A 5% homogenate using 100–150 mg of muscle was prepared in an ice-cold buffer containing 0.25 M sucrose, 2 mM EDTA, and 10 mM Tris·HCl (pH 7.4) using a Potter-Elvehjem homogenizer (Wheaton, Millville, NJ). The mitochondria were isolated by centrifuging the homogenate at 600 g (4°C), followed by a 7,000-g (4°C) spin of the obtained supernatant. The sarcoplasmic protein was obtained by centrifuging the 7,000-g supernatant at 100,000 g for 60 min. The sarcoplasmic protein contained in supernatant was precipitated using 1 M perchloric acid and centrifuged at 1,500 g. The sarcoplasmic protein pellet was washed twice with perchloric acid. The pellet from the 7,000-g spin, containing the mitochondria, was washed twice using an ice-cold buffer containing 100 mM KCl, 5 mM EGTA, 5 mM MgSO4, 1 mM ATP, and 50 mM Tris·HCl (pH 7.4) and spinning at 7,000 g (4°C). The final mitochondrial pellet was suspended in the sucrose-EDTA-Tris·HCl buffer for further analyses.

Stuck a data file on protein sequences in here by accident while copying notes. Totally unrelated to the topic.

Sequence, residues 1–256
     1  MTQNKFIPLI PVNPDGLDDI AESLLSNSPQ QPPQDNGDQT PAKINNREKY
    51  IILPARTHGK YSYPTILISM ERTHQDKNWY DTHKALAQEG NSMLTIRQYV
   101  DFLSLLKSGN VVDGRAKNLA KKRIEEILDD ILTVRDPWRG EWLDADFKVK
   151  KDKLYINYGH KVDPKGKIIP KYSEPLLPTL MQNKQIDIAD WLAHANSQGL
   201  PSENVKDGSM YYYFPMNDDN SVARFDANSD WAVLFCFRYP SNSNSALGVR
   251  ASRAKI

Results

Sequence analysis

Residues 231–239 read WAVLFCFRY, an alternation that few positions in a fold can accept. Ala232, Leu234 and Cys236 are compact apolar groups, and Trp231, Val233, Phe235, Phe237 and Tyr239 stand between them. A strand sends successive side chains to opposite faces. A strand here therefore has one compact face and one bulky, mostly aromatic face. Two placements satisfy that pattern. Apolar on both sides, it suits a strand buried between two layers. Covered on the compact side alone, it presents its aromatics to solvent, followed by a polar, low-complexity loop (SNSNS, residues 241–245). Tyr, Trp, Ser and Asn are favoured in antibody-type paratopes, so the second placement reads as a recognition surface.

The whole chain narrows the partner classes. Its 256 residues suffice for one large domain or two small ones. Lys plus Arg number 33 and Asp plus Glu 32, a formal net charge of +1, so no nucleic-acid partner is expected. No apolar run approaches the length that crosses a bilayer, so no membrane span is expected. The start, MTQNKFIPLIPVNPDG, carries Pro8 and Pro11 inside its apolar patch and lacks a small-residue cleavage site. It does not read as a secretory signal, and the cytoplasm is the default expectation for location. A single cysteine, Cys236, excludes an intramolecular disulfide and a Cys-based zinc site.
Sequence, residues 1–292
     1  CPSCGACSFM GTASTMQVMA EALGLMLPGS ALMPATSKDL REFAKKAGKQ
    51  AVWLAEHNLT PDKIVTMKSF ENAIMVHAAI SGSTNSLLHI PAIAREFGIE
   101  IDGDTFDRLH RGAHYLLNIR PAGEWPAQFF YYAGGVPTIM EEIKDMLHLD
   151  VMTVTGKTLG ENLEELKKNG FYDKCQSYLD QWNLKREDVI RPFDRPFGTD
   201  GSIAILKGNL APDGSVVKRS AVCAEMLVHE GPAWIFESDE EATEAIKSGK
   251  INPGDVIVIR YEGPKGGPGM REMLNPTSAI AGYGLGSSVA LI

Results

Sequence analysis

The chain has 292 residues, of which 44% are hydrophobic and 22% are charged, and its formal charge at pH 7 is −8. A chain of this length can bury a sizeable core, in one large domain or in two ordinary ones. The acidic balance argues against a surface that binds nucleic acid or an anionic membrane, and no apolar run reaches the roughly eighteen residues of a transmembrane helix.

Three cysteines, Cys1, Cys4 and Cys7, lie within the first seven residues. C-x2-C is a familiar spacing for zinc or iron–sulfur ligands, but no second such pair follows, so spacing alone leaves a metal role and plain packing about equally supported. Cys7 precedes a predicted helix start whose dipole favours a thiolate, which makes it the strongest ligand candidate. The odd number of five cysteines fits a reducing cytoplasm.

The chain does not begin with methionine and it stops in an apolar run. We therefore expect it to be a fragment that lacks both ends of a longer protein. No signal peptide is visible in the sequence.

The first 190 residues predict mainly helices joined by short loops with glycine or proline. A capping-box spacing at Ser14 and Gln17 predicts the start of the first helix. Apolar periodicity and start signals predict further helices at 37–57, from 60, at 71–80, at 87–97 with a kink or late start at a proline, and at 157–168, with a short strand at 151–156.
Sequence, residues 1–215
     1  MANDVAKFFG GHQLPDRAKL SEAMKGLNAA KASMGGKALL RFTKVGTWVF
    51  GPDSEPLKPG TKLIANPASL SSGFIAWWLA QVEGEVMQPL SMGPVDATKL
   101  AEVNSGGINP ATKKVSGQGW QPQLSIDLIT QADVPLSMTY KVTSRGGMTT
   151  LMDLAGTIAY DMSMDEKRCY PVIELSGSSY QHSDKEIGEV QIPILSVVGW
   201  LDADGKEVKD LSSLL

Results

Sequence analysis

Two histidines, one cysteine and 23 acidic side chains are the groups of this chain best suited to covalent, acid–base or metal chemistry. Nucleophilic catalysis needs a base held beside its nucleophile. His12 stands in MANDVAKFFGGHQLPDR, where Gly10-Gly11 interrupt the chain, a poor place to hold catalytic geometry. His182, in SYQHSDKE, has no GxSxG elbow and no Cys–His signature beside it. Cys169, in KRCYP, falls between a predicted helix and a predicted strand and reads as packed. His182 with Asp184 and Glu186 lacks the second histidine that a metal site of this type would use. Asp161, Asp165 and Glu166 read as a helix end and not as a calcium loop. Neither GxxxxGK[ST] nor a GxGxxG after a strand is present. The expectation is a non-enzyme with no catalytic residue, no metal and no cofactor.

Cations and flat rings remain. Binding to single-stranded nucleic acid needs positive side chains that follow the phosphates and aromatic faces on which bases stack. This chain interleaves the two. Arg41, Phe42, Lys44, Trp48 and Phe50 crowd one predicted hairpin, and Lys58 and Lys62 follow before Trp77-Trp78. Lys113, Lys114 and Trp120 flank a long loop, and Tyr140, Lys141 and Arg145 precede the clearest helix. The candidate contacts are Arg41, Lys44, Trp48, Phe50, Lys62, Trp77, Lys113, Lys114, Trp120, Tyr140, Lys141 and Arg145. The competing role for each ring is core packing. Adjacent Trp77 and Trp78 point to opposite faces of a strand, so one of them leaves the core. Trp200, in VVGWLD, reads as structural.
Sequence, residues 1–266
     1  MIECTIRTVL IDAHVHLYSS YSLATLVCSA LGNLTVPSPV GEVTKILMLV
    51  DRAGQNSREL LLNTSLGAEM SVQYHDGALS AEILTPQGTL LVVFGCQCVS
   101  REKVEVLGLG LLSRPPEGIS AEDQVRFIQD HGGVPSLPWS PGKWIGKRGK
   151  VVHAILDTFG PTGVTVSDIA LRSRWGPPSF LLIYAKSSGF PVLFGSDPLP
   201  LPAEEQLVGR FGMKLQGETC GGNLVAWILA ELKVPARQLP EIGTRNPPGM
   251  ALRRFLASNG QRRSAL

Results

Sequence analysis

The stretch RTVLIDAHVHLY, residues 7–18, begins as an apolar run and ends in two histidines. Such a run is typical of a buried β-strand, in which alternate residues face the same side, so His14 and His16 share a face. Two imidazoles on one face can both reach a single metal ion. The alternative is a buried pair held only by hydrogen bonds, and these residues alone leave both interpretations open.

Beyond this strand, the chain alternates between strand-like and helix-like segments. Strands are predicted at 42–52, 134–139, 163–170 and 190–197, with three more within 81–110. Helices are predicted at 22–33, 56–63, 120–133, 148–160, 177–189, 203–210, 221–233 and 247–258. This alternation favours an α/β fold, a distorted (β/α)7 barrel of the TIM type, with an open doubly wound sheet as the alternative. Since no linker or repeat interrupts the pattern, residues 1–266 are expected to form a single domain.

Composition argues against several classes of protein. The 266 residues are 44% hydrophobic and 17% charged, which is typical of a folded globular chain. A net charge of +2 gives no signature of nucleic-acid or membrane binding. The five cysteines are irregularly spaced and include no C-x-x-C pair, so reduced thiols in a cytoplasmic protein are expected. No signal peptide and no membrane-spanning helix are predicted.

Mixed muscle protein was hydrolyzed using 6 M HCl (110°C for 18 h). The amino acids in the hydrolyzates were derivatized as their N-heptafluorobutyryl methyl ester and analyzed on a Finnigan Delta-S GC-combustion-isotope ratio mass spectrometer (Finnigan-MAT, Bremen, Germany) for 13C enrichment in [13C-ring C6]phenylalanine and 15N enrichment in [15N]phenylalanine and [15N]lysine. The two labels were measured in separate runs.

Tissue fluid tracer enrichments were also measured. Tissue fluid consists of ∼85% intracellular fluid and 15% extracellular fluid. Tissue fluid amino acids were extracted from muscle tissue using perchloric acid and analyzed as their t-butyldimethylsilyl ester derivative.

Calculations

Leg and splanchnic plasma flow.

Plasma flow over the leg was calculated by the indicator dilution principle (1). Splanchnic plasma flow was calculated from the rate of splanchnic extraction of the indicator (6).

Ra of exogenous phenylalanine in the systemic circulation.